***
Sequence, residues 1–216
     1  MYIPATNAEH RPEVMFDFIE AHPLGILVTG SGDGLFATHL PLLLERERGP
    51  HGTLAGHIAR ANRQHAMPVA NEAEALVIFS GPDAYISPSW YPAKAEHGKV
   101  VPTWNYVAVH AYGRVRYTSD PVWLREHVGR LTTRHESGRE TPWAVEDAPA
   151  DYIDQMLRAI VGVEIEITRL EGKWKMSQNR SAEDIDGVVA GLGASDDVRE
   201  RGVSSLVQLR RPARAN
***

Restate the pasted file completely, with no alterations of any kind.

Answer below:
Sequence, residues 1–216
     1  MYIPATNAEH RPEVMFDFIE AHPLGILVTG SGDGLFATHL PLLLERERGP
    51  HGTLAGHIAR ANRQHAMPVA NEAEALVIFS GPDAYISPSW YPAKAEHGKV
   101  VPTWNYVAVH AYGRVRYTSD PVWLREHVGR LTTRHESGRE TPWAVEDAPA
   151  DYIDQMLRAI VGVEIEITRL EGKWKMSQNR SAEDIDGVVA GLGASDDVRE
   201  RGVSSLVQLR RPARAN